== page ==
Over the weekend, the BoE Governor, Mark Carney, indicated that the central bank might opt to hike interest rates before an increase in workers’ pay, in contrast with last week’s comments where he linked the probability of an interest rate hike with a rise in the nation’s wages. Against this backdrop, markets await the minutes of the BoE’s latest policy meeting due later this week to gauge views of other policymakers. Additionally, an overnight report released by Rightmove showed a decline in UK house prices, thereby pointing towards some cooling in the domestic housing market.
With largely mixed data across the Atlantic of late, markets will keep a close watch on further data to ascertain the state of recovery in the region.
Pound Sterling – UK Markets
In a statement that has confounded market participants the BoE Governor, Mark Carney, indicated yesterday that if central bank officials are confident of an improvement in real wages, they may raise key interest rates sooner than expected. This follows the dovish tone of the central bank chief last week which had dashed expectations of a near term hike in rates. This has led the Pound higher against its major counterparts this morning, though gains have been capped by data from Rightmove, released over the weekend, which indicated that house prices in the nation recorded its strongest fall since December 2012. Traders now await tomorrow’s domestic consumer inflation report to provide further cues to the timing of a rate hike.
Meanwhile, Sterling showed little movement on Friday and traded range bound against the greenback, despite data showing that the revised UK GDP estimate for the second quarter had shown an improvement.
US Dollar – US Markets
The US Dollar is trading in a tight range against the majors this morning amid a lack of significant economic releases in the nation today. The only notable domestic economic update scheduled today is the NAHB housing market index. Weakness in the nation’s housing market has gained importance lately, especially after the US Fed Chair, Janet Yellen, repeatedly highlighted concerns about weak housing market data. Markets will additionally keep an eye on tomorrow’s consumer price inflation reading and the FOMC minutes in the week ahead to provide further direction to the greenback.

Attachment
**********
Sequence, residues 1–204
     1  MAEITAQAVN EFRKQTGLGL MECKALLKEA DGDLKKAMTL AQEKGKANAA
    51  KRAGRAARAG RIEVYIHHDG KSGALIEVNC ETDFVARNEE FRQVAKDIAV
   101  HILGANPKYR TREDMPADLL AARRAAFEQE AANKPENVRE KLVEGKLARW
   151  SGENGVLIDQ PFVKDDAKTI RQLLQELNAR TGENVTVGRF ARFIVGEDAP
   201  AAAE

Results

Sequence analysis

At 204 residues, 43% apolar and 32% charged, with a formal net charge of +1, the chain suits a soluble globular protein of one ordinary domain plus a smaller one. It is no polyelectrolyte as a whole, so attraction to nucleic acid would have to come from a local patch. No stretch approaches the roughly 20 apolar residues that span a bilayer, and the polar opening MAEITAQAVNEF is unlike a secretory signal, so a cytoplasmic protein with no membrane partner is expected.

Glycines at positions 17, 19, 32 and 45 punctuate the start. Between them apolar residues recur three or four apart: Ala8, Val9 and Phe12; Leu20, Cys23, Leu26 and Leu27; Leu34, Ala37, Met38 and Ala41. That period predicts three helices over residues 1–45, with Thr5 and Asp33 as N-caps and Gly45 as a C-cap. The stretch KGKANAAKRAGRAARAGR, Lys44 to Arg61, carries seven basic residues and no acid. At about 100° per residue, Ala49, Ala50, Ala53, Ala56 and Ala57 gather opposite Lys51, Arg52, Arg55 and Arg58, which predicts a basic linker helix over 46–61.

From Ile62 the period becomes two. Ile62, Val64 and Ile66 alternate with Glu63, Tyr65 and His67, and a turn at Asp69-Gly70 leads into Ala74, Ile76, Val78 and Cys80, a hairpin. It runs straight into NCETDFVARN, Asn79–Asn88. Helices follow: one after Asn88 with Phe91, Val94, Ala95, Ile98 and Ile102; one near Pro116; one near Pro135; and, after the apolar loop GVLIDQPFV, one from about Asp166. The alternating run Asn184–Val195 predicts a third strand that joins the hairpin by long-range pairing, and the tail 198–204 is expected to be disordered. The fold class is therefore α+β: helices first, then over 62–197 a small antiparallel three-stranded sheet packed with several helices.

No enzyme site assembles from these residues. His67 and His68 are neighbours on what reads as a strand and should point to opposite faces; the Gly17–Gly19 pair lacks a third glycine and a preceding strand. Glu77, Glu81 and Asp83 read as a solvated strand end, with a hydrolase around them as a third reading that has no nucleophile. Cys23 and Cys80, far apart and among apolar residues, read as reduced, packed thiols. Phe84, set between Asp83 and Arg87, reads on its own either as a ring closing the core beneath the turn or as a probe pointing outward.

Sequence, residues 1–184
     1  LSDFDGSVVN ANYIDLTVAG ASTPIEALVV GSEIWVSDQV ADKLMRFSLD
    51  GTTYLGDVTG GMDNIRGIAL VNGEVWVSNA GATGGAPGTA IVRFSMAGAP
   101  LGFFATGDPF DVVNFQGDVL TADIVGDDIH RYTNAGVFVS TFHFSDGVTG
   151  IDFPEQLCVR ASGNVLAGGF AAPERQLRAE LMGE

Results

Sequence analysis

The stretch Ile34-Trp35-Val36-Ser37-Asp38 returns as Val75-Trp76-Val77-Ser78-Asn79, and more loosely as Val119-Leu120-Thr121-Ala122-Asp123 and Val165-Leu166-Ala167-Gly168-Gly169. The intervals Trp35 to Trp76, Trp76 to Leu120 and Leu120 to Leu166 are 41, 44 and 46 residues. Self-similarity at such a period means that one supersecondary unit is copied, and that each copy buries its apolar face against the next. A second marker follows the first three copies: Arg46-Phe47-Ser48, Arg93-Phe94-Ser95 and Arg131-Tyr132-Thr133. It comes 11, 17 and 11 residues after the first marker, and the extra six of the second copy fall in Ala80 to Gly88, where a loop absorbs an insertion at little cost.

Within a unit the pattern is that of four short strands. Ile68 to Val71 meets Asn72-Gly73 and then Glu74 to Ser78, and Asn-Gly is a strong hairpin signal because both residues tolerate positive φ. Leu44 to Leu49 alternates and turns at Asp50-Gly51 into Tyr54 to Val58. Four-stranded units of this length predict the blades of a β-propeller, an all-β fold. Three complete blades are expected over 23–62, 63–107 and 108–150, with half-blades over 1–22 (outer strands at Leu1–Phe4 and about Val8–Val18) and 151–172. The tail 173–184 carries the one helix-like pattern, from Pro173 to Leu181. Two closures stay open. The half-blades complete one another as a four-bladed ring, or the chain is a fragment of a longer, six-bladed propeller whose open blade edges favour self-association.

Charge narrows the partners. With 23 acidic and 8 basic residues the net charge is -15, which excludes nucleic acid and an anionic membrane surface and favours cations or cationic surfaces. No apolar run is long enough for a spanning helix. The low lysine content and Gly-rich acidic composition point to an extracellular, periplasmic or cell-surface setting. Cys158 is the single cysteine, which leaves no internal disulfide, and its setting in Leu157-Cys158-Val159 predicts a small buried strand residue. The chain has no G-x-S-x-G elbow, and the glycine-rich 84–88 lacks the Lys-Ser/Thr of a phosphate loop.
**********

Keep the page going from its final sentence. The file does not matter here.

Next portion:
Meanwhile, data released in the US on Friday was mixed. While the pace of industrial production improved more than expected for July due to stronger auto demand, gains in the greenback were capped by an unexpected deterioration in the Reuters/Michigan survey of consumer morale for August. Separately, the Minneapolis Fed President, Narayana Kocherlakota, indicated that there is still considerable slack in the nation’s labour market as many people aged between 25 to 54 are unemployed or working on a part time basis.
Euro – European Markets
With no major macro triggers in Europe on Friday, the Euro remained vulnerable against the majors amid fresh violence in Eastern Europe. Media reports indicated that Ukrainian forces had destroyed a Russian military convoy in Ukrainian territory. Against this backdrop, markets will keep a tab on a meeting between the Russian and Ukrainian foreign ministers wherein they are expected to chalk out a sustainable ceasefire plan between the two nations.
Meanwhile, the Euro is trading in a tight range against the greenback this morning. With little on the domestic macro front today, investors will eye Euro zone trade balance which is expected to show that surplus in the region narrowed for June. Weak exports from the region, due to persistent geopolitical tensions in Eastern Europe and a slowdown in emerging economies, is likely to weigh on Euro zone trade data. Also, downbeat FDI data in China released earlier today soured investors’ mood toward high yield currencies. In the forthcoming week, the preliminary manufacturing and services PMI numbers across key European nations will provide further direction.
Other Currencies – Highlights
Statistics Canada corrected a major error in its revised jobs market report for July released on Friday. The revised data showed that the economy added 41.7K jobs for July, in sharp contrast to the previous week’s faulty job market report which showed mere 200 job additions. The report further revealed that the unemployment rate in the nation dropped to 7%, although a major gain in the employment numbers was mainly due to an increase in part-time jobs. As a result, investors kept their outlook unchanged towards the nation’s weak job market recovery. The Canadian Dollar gained ground against the greenback, however, gains were immediately reversed as markets digested the mixed Canadian employment report.
In the absence of important domestic economic data this week, the Canadian Dollar will take direction from the US consumer price inflation report and the minutes of the latest Fed policy meeting scheduled later this week for further hints.
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